Writing Tip — Writer’s Block

laptopw-3087585_1280Recently, as part of an anthology my writing groups is putting together, I had to write a short story of at least 2,000 words. I decided to make it crime fiction. The characters came to easily, but the plot … I had a problem with the plot.

Over the past few years, the only original writing I’ve done were blog posts and a few poems. Most of my fiction writing time has been consumed with editing my YA novel. Working out a logical plot for my short story was nothing less than painful, and I mean that literally. My stomach hurt of a week as I puzzled over the plot. It was almost impossible for me to focus on anything else.

When I finally found a resolution, I learned a few things about breaking my writer’s block for the plot.

  1. Beginning + End = Middle

I started writing my short story without an ending in mind, and that is a big problem for me. I had concocted an intriguing beginning, but once I wrote that down, I had no clue where I was heading. I must have a goal to work for. Whether it is a story or just a chapter, before I sit down to write, I need to know how I will begin and end. Without an ending, I stalled.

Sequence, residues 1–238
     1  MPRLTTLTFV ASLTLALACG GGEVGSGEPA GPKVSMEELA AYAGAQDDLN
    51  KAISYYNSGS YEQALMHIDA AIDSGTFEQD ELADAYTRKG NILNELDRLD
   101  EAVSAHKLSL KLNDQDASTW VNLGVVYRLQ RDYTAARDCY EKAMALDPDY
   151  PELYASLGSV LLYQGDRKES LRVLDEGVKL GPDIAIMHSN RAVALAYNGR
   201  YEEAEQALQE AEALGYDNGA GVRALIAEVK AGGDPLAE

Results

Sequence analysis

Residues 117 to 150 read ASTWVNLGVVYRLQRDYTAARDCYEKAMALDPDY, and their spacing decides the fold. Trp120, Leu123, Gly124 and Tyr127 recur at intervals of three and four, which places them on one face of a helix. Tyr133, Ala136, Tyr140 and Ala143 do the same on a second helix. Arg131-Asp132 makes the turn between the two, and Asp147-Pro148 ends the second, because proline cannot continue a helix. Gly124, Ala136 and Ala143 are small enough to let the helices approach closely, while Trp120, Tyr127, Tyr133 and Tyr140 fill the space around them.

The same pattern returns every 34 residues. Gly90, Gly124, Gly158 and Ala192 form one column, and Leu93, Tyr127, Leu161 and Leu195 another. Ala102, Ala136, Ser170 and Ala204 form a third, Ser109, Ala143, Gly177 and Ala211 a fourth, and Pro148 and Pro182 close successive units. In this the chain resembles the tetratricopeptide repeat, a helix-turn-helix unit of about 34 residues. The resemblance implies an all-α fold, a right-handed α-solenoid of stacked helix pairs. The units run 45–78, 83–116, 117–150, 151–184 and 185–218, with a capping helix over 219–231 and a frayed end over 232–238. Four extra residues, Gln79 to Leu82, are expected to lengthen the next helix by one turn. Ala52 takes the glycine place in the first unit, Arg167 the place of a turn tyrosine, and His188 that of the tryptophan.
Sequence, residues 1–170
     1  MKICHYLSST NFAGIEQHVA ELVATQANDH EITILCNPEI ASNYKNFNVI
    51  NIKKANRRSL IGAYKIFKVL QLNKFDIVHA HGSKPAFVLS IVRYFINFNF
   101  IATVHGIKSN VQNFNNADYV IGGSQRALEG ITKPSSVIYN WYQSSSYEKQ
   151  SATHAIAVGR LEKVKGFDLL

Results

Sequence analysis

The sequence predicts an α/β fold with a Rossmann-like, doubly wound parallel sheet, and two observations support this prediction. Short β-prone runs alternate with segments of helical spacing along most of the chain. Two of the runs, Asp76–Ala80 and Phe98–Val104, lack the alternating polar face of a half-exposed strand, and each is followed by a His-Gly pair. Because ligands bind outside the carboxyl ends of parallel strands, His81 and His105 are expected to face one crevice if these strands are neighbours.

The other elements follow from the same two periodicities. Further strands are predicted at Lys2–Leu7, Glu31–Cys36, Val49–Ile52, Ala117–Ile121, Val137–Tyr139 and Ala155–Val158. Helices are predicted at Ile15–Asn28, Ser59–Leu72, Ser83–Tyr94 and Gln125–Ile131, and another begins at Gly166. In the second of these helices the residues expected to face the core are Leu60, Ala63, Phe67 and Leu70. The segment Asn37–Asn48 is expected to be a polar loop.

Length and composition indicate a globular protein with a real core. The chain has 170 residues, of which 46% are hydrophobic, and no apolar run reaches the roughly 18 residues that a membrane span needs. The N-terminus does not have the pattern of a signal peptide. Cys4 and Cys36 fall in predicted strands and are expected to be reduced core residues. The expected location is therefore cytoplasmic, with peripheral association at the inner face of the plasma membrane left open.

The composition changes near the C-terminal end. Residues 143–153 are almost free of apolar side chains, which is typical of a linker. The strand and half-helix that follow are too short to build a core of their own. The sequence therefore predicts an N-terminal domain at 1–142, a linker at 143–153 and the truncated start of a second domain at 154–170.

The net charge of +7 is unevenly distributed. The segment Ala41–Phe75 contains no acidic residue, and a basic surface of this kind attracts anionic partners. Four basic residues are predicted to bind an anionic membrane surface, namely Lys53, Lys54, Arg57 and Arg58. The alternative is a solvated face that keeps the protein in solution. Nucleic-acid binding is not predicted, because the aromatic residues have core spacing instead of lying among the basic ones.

2. Find a Deeper Meaning

Once I put down the bare bones of my story, I found it empty. Just solving the crime wasn’t enough. I needed some deeper, more universal truth, something that went beyond the conventions of crime fiction.

3. Know Your Characters Like Your Best Friends

I am a character writer. I start a story because I discover characters I can’t wait to throw into dramatic situations.

For my short story, I was working with characters I had only known a few days, instead of years. This made me uncomfortable. But the longer I worked with them, gaining an understanding of their personalities, the more plot ideas sprang up. Through exploring my characters, I unearthed the deeper meaning my story needed.

What do you do to break writer’s block?

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